With 15 years of experience in advocating for sustainable, local and fair food systems around the nation, the new head of the Maine Organic Farmers and Gardeners Association believes she will bring a lot to the local table.
Sarah Alexander, a grassroots organizer currently based in Portland, will take over the executive director position at MOFGA next month from current leader Ted Quaday, who is retiring. The association was founded in 1971 and has its headquarters at the Common Ground Education Center in Unity and Thorndike. It’s the oldest, largest state-based organic advocacy organization in the country and aims to show how organic agriculture is interconnected with the healthy environment, local food production and thriving communities. It has about 11,000 members and more than 2,000 volunteers.
“I’m really excited to meet people and hear from people,” Alexander said Wednesday. “I really do view MOFGA as a shared resource. It takes a community to build it and grow it.”
During her career, the Ohio native has worked for Indian tribes in Minnesota to help restore traditional food systems and stop the genetic engineering of wild rice. She’s also spent nearly 10 years working to protect organic standards, strengthen consumer labeling and fight for genetically engineered food labeling at Food & Water Watch, a Washington, D.C.-based nongovernmental organization.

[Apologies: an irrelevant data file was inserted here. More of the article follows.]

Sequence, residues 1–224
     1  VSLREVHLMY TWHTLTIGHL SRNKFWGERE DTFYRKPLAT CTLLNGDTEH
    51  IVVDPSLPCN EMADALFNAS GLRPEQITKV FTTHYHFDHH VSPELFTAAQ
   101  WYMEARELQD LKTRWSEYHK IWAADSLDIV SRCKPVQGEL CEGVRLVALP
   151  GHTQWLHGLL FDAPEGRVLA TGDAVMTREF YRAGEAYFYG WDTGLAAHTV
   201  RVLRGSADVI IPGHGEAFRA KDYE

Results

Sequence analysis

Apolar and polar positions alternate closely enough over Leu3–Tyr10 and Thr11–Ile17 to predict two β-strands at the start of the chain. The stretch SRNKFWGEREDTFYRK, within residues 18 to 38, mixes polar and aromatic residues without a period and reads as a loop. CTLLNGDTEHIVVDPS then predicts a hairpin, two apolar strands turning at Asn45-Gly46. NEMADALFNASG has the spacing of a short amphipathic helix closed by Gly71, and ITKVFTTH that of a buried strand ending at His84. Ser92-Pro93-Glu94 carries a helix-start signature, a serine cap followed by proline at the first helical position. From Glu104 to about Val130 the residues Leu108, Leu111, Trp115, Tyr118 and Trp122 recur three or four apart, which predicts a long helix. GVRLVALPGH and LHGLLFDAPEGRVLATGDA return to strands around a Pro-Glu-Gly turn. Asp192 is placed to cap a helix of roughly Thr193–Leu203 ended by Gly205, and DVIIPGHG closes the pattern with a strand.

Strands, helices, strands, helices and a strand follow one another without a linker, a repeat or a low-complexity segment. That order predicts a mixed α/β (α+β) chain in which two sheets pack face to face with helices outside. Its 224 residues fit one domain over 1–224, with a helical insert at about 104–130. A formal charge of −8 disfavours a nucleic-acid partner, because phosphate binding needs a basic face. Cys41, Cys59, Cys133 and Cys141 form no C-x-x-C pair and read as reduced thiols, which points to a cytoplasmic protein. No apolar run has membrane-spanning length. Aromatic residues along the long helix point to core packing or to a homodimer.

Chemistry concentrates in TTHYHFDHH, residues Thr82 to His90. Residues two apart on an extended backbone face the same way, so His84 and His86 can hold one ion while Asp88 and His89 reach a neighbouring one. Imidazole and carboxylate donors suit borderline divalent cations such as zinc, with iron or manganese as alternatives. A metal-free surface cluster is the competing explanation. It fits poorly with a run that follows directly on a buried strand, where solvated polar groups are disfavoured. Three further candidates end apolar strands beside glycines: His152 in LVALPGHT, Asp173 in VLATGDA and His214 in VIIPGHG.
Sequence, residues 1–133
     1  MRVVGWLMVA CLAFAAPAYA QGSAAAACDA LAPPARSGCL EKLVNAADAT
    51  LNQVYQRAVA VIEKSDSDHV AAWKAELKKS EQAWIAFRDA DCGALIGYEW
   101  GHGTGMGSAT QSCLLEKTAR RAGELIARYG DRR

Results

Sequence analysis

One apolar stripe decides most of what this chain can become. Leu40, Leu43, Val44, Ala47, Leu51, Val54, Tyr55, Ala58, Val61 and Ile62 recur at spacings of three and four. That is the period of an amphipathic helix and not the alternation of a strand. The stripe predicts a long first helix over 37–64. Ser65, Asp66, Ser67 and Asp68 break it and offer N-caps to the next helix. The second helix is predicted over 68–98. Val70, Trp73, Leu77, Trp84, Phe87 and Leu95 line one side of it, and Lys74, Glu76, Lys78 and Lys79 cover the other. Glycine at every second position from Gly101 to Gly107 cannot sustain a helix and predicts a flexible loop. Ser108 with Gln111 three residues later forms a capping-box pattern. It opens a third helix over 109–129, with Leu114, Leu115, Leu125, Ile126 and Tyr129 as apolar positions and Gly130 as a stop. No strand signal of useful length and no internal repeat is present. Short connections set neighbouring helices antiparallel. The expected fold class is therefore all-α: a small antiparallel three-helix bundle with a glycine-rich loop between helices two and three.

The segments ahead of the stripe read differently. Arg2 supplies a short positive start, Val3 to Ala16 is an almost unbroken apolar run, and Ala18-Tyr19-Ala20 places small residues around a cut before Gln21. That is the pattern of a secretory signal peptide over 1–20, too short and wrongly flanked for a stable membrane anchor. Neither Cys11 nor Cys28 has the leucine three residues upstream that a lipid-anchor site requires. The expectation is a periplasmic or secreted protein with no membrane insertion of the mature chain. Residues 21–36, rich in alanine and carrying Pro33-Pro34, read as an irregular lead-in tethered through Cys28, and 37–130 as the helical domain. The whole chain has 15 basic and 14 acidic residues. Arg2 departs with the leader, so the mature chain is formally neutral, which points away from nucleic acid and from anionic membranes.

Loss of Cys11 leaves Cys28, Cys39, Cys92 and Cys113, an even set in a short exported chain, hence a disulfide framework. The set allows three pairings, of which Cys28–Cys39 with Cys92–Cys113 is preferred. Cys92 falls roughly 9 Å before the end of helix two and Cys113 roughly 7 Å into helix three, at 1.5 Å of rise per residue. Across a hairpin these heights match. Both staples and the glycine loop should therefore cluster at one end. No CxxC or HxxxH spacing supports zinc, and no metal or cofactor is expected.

David Shipman, the president of the MOFGA board of directors, said in a media release that Alexander’s long experience defending people’s access to healthy food and clean water is a good fit for the Maine organization.
“Sarah’s mix of strengths in organizational leadership, administration, development and communications will be a great match for our vibrant community,” he wrote.
Board members said that the association is in a good place right now. During Quaday’s five-year tenure as executive director, MOFGA’s endowment has grown from $625,000 to $5 million, the number of organic farms it has certified has increased and more staff members have led to expanded program capacity. Currently, the organization offers new farmer training, low-impact forestry events, organic certification services. It also holds the Common Ground Country Fair, held the third weekend after Labor Day every year, and supports local, state and federal public policy advocacy.
“MOFGA is such an exciting organization,” Alexander said, adding that she has no plans to make a lot of changes in a hurry. “A lot of people feel a lot of ownership. There’s already a lot of great work that’s happening … I come from a community organizer background. My approach is to be collaborative and do a lot of listening.”
Maine occupies an outsized position in the national conversation about organic agriculture, she said, and MOFGA plays an important role in that.
“I think Maine has such a strong food and agriculture community,” she said. “And I see a lot of opportunities for MOFGA to continue to grow and expand.”
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